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New bankruptcy legislation could
endanger your retirement savings

Bankruptcy rules threaten your life savings?June 23, 2000 -- Your retirement savings could be diverted to pay off credit-card balances in bankruptcy under a proposed revision of federal bankruptcy law.

It is even conceivable that an exorbitant doctor's bill that pushes you into bankruptcy could be paid off with your 401(k) or pension -- against your will.

That's because you may have unknowingly agreed to these arrangements at a time when you were financially healthy and blissfully unconcerned by the thought of bankruptcy.

Members of the U.S. House and Senate are working out differences in bankruptcy bills they each passed this session. Their goals are to cut what are perceived as abusive bankruptcy filings and to get more money into the hands of creditors, especially credit-card issuers.

As mentioned in a previous Bankrate.com article, the bills mandate means-testing to determine whether bankruptcy filers will have to partially repay unsecured debts, and require debtors to attend credit-counseling classes before they can file for bankruptcy.

Congressional leaders have cooked up a plan whereby the differences in the House and Senate versions of the bankruptcy bills will be resolved informally and in secret instead of in a formal, public conference committee. Then they intend to tuck the voluminous bankruptcy reform language into another bill, probably an innocuous one that won't generate much opposition or attention.

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Beware the small print and other traps
The Senate version of bankruptcy reform, which that chamber passed on Feb. 2, contains a section where individuals can sign away their claims to their own retirement savings before or during bankruptcy. The White House, a senator, bankruptcy experts and the retirement-planning industry have registered their opposition.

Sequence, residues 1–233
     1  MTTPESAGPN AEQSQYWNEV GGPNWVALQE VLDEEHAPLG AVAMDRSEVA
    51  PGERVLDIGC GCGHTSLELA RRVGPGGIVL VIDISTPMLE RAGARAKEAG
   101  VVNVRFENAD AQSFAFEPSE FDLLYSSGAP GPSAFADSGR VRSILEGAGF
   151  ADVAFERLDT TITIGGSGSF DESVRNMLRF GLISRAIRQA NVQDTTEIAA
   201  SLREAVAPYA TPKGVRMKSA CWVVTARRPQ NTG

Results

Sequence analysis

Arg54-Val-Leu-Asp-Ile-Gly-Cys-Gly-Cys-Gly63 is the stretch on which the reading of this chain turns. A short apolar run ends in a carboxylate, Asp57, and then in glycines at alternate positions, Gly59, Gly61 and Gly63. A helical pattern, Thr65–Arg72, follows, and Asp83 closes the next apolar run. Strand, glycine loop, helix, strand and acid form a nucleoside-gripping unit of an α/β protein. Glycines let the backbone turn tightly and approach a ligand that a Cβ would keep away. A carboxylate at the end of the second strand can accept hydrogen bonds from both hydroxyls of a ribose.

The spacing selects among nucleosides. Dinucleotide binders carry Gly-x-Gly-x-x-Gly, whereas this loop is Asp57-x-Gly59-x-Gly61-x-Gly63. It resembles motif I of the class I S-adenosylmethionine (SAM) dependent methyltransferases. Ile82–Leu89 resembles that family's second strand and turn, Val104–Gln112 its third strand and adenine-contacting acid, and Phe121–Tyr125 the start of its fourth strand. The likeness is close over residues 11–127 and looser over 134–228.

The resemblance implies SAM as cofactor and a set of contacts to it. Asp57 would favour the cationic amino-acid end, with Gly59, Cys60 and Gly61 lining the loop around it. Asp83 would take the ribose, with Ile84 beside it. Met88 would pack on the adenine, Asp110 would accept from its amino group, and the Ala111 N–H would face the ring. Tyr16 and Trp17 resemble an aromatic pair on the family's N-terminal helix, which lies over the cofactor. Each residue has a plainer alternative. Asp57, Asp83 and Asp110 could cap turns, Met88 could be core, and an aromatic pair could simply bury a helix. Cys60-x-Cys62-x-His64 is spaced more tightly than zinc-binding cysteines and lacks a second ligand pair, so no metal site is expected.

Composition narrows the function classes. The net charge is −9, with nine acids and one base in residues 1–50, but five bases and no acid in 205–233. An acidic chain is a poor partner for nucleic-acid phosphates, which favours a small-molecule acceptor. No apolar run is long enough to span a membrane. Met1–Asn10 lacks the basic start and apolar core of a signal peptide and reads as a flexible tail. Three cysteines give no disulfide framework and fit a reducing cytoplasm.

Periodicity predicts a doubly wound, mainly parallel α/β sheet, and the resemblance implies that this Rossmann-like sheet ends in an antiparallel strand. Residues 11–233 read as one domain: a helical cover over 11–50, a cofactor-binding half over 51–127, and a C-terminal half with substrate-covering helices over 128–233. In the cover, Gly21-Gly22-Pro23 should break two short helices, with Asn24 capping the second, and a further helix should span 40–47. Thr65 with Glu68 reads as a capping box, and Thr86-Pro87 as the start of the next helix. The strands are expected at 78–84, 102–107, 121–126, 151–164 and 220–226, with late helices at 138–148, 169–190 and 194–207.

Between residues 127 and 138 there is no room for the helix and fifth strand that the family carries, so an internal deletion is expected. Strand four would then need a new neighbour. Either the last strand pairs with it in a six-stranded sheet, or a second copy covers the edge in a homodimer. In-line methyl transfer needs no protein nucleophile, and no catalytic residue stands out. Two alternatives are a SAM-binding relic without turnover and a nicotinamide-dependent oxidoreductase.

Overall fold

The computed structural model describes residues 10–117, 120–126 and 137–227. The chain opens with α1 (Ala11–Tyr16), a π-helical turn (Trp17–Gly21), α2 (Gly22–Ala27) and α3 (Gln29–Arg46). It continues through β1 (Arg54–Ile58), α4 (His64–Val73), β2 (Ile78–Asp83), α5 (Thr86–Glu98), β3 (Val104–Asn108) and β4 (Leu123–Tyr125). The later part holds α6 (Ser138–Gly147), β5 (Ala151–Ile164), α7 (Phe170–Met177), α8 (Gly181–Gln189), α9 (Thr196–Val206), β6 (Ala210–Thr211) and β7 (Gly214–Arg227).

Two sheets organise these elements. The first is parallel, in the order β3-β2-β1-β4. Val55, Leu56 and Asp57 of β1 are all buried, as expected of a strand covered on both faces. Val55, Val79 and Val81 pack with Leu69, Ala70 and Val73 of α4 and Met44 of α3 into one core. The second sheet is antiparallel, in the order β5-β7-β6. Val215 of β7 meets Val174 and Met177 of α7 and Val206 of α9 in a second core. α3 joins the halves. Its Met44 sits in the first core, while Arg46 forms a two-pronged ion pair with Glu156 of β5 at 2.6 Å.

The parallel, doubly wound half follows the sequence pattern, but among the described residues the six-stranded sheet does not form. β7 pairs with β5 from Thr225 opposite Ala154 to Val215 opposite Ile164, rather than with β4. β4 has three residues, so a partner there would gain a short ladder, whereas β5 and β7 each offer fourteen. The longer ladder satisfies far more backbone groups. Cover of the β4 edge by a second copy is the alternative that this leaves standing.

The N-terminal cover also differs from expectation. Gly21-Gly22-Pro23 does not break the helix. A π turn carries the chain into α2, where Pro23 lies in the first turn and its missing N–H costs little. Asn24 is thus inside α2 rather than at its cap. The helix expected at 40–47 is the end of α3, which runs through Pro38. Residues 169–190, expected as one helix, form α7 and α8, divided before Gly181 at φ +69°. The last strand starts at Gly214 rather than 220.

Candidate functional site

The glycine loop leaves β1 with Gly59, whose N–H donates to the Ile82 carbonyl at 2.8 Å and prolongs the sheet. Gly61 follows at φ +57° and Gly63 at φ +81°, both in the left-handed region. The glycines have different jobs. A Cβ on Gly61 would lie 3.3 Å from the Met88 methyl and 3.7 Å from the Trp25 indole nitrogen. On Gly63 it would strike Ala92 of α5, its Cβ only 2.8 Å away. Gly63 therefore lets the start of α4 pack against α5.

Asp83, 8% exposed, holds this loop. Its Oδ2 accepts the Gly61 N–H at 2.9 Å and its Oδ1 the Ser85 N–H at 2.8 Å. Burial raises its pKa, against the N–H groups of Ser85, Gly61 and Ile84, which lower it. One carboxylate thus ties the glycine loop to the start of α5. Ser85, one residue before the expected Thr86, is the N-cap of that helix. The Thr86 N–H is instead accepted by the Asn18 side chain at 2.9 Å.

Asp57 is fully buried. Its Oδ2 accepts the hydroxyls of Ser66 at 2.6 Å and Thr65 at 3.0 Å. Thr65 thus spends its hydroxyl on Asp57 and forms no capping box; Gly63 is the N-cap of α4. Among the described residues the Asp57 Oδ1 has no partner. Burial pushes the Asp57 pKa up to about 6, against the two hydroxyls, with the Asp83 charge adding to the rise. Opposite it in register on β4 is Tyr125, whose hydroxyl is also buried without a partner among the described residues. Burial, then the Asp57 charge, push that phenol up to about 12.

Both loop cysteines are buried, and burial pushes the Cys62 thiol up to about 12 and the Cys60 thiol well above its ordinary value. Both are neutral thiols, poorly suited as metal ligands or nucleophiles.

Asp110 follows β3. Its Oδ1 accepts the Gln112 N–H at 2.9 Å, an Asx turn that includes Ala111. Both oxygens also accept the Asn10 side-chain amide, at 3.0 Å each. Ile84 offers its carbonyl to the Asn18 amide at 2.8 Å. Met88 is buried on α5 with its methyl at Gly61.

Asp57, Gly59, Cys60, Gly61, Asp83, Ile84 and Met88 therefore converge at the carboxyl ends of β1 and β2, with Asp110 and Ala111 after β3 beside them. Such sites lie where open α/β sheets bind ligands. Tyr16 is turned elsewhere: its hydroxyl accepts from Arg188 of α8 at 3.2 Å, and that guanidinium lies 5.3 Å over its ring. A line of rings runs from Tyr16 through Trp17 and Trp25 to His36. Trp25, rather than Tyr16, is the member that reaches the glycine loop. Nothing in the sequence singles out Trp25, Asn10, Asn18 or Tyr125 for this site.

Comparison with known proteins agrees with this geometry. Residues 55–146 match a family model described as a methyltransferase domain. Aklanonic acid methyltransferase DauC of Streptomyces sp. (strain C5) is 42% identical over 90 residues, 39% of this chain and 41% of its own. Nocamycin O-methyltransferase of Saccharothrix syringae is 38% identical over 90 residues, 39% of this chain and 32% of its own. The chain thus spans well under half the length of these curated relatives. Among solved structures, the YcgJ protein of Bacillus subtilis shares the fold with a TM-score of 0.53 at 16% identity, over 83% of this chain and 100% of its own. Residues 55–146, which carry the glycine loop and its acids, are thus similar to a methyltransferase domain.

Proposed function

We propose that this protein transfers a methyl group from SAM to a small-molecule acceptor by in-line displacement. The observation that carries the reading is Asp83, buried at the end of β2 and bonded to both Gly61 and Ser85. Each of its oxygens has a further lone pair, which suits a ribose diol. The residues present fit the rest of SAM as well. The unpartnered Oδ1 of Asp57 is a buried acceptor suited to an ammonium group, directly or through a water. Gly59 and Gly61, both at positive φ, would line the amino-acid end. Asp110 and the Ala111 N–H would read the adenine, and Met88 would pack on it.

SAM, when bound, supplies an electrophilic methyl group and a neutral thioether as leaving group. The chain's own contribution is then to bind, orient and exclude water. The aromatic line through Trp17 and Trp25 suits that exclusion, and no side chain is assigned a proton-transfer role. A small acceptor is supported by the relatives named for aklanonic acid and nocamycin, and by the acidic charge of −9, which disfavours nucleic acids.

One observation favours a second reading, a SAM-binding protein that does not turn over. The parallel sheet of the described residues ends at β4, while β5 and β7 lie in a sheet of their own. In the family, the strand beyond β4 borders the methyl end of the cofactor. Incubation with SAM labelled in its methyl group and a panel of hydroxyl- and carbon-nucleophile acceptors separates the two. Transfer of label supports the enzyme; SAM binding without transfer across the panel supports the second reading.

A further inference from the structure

Normally, creditors can't touch assets of a 401(k) plan, Keogh plan or pension fund in bankruptcy proceedings. Current law prohibits creditors from raiding retirement plans because lawmakers intended bankruptcy to give debtors a fresh start, free from a lifetime of suffering over unpayable debts.

But under the Senate version of bankruptcy reform, unsecured creditors such as credit-card lenders and utility companies could tap the assets of your retirement account if you previously gave them permission to do so.

Why in the world would you give your permission? By not reading -- or not understanding -- the fine print in the paperwork you sign.

"I fear that many individuals will sign away their pensions unknowingly," Sen. James Jeffords, R-Vt., said at a congressional hearing in April. "Even for knowledgeable consumers, the cost of applying for a credit card should not be one's retirement security."

During the hearing that followed, experts criticized the proposal as bad policy that could not only permanently impoverish people who declared bankruptcy following illness, job loss or divorce, but also deter employers from offering retirement plans at all.

A problem of protection